Oberlin Alumni Magazine

Cream of the Crop

Third-generation dairy farmer Sarah Lyons Chase ’10 is milking to the beat of a different drummer—and thriving in the process.

June 24, 2024

Hannah Van Sickle

Sarah Lyons Chase in the field with her cows
“Working at the creamery helped me realize there was a different direction worth exploring in dairy,” says Chase, who made cheese with her brother, Rory, following graduation.
Photo credit: Jennifer Young Studio

Upstate New York in October is a feast for the senses. It’s a region with a rich history of agriculture that’s rife with rolling hills in hues of green and gold as far as the eye can see, punctuated by grain silos and plastic-wrapped hay bales dotting the soon-to-be-fallow fields. Brittle corn stalks rustle in the breeze, and the staghorn sumac is ablaze, its crimson canopy undulating in step with the surrounding landscape.

Transition abounds especially throughout the Hudson Valley’s Dutchess County, an area spanning 78 square miles of hilly terrain bordered by the Taconic Mountains and the Hudson Highlands, where hand-lettered signs boast the last of summer’s sweet corn and advertise pick-your-own apples. Dutchess County is also the home of Pine Plains, a rural hamlet named for the abundance of conifers still dotting the valley. Located 94 miles from New York City, Pine Plains was founded in 1823 and is home to a scant 2,200 people. Save for dairy farming and horse breeding, its biggest claim to fame is the fact that Barnum and Bailey Circus once housed its show animals at local farms during the winter.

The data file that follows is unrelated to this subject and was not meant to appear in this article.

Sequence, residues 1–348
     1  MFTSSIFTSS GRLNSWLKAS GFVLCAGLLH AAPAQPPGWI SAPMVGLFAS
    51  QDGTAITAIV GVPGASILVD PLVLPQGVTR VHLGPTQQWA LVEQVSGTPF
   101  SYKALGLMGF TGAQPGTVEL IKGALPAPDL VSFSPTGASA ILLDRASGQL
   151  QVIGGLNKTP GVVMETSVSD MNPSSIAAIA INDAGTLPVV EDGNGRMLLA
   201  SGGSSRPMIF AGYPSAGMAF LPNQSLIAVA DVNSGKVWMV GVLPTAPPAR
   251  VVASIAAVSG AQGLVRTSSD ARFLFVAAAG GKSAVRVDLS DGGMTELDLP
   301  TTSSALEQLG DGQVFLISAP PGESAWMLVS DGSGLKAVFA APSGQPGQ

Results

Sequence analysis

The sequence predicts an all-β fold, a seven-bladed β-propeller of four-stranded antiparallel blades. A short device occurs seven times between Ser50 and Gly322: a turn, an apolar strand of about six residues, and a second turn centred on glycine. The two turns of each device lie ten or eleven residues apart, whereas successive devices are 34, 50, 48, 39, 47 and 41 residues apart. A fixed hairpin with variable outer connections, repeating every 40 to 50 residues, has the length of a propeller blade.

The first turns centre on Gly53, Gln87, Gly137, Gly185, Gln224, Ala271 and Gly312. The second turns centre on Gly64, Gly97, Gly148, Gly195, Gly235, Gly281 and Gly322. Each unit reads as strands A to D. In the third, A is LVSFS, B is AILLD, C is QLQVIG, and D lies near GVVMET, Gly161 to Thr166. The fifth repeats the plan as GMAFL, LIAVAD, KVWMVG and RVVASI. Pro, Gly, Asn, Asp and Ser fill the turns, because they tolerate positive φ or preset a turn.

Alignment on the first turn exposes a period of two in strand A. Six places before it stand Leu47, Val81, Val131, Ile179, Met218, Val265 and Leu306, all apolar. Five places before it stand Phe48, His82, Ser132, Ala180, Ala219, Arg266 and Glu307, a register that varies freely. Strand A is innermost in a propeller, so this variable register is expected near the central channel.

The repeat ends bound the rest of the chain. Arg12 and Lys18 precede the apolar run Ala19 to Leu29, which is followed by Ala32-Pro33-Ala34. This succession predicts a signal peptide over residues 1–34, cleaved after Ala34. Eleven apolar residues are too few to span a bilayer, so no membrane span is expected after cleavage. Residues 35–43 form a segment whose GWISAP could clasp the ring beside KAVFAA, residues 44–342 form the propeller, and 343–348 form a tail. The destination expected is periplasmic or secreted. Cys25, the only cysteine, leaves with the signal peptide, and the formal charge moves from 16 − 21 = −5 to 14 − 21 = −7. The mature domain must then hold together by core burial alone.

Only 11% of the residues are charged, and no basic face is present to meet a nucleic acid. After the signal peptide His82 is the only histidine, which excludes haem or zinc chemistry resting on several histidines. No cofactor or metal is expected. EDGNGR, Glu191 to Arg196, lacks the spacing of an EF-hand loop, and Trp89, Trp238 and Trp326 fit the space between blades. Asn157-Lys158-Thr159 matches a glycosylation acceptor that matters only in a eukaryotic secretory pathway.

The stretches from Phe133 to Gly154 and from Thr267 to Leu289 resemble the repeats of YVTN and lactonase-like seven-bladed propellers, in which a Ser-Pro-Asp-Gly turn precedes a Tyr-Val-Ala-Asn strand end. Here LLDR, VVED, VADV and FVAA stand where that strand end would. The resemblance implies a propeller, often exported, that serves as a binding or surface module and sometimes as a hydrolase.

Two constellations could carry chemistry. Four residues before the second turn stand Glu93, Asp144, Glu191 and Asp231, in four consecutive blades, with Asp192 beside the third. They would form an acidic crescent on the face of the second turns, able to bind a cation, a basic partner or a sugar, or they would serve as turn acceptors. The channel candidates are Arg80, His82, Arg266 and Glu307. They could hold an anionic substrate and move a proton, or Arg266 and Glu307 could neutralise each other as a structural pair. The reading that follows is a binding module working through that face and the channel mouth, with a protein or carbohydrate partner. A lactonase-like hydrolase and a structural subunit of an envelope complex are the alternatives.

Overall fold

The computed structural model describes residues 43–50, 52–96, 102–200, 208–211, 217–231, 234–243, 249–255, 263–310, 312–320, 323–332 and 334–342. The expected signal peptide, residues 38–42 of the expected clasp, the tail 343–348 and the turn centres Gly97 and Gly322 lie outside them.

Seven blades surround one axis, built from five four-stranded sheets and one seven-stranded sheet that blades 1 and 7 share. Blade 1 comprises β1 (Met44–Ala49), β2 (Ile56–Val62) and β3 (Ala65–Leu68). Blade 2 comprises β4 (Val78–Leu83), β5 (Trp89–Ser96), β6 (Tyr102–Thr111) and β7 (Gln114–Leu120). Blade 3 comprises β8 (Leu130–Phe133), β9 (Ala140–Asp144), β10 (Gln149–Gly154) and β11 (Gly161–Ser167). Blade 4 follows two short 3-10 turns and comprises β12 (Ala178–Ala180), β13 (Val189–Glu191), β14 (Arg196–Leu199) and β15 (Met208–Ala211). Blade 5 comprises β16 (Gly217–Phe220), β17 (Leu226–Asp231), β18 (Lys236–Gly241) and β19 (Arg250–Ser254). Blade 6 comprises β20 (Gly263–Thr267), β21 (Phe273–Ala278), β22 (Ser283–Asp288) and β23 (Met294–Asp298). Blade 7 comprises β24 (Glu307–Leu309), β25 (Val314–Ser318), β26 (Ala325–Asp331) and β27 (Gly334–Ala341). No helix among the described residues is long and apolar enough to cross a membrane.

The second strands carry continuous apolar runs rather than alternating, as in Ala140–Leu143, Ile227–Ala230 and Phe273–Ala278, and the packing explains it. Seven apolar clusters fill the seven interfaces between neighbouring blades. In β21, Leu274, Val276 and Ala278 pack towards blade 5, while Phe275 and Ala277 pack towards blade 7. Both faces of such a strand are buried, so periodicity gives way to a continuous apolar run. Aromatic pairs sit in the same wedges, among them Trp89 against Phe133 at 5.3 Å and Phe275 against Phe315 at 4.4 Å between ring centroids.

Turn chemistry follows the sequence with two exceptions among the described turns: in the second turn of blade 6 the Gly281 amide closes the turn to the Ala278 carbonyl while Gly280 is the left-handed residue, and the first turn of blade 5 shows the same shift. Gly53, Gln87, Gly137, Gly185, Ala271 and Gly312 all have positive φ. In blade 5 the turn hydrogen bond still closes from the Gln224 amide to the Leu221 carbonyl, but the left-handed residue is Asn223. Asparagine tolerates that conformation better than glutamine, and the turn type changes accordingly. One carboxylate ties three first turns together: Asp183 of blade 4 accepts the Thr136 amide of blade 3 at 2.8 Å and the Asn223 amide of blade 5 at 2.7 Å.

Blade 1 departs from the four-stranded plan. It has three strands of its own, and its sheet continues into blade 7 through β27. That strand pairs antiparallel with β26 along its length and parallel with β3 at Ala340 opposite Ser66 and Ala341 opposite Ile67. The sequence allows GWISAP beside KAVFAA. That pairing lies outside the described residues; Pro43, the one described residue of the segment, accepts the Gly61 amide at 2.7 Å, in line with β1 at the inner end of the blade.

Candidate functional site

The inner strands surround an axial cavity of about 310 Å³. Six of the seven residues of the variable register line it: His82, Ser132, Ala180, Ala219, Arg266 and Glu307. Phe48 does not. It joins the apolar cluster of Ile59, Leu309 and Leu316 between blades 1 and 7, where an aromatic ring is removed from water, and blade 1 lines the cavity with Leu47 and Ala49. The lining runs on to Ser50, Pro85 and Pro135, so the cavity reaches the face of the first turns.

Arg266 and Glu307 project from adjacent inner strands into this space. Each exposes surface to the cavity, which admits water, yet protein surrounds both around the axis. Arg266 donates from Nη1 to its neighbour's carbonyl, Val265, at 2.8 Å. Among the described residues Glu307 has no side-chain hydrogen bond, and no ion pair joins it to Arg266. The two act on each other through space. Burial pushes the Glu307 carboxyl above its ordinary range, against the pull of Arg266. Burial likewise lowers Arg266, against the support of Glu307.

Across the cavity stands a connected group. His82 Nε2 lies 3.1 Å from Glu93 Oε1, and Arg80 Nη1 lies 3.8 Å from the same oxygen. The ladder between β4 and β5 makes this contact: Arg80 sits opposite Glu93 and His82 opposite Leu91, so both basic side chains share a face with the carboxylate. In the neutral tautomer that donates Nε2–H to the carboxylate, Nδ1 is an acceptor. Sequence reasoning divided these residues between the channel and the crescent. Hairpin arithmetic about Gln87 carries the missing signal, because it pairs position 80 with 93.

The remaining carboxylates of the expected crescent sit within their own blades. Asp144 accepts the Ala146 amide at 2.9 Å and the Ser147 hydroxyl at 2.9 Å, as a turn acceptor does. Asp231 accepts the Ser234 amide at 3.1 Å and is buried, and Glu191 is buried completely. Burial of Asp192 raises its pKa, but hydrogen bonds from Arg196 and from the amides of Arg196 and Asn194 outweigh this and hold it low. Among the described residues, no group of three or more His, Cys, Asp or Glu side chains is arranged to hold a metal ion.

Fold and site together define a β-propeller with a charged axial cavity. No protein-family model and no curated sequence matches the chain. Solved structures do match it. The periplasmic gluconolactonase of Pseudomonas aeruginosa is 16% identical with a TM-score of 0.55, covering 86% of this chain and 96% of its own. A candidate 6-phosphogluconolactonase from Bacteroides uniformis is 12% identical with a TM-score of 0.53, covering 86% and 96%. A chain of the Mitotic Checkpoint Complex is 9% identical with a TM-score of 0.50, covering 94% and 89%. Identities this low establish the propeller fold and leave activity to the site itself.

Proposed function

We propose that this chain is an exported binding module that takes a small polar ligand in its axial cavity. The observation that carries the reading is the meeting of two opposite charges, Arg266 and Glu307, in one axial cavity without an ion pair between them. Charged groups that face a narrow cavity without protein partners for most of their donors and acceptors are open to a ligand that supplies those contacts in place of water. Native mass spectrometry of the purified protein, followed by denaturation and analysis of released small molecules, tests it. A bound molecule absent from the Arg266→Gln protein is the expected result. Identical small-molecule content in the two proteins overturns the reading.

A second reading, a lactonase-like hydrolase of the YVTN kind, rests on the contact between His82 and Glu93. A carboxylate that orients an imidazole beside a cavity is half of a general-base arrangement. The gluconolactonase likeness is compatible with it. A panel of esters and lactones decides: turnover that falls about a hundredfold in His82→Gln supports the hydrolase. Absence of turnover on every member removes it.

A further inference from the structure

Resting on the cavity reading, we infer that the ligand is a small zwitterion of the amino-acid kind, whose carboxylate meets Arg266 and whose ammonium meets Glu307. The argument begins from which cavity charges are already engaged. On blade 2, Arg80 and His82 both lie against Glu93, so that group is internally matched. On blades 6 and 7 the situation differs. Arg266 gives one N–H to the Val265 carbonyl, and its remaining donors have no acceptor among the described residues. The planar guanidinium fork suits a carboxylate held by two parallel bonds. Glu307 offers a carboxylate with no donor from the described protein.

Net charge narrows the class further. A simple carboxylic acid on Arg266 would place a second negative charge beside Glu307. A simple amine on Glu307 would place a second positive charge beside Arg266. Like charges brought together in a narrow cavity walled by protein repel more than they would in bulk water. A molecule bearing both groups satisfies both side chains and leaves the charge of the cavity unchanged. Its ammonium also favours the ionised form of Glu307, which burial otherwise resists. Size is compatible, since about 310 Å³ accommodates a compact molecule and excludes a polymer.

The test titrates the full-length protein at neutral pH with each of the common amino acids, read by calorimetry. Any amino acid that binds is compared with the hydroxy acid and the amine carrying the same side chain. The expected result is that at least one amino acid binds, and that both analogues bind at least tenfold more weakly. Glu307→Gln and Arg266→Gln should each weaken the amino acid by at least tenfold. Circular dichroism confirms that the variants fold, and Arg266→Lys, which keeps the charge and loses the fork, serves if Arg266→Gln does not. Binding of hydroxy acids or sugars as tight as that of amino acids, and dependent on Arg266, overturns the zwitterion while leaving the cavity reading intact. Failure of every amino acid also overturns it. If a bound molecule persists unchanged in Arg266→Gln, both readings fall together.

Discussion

Three people stand with arms aroudn eachother's shoulders
Sarah Chase ’10, Em Ambrose, and Jamie Gerber ’13 plus their dog Monday outside Chaseholm Farm’s self-serve Farm Store. (Jennifer Young Studio)

The Chase family has bred dairy cattle for three generations at Chaseholm Farm, located on a sprawling 330-acre tract of fertile land northeast of Pine Plains proper. Following in the footsteps of her father and late grandfather, Sarah Lyons Chase ’10 took over the business in 2013 and became a farmer at age 24.

A decade later, she’s turned Chaseholm Farm into a 100% grass-fed, USDA-certified organic dairy—and she’s now milking every last drop out of a lifestyle that, in large part, has become unsustainable for many young farmers like herself. Across the Hudson Valley, small dairies are falling by the wayside, a byproduct of rising costs and dwindling profits. For a conventional dairy farmer, producing a gallon of milk costs more than it yields when sold to the dairy cooperative. That she owns and runs Chaseholm Farm is a rarity: According to the American Farmland Trust, only 4.1% of dairy operations in the United States have a woman as principal operator. On many fronts, Chase has slowly parted ways with tradition in favor of forging her own path —one paved with intention at every turn.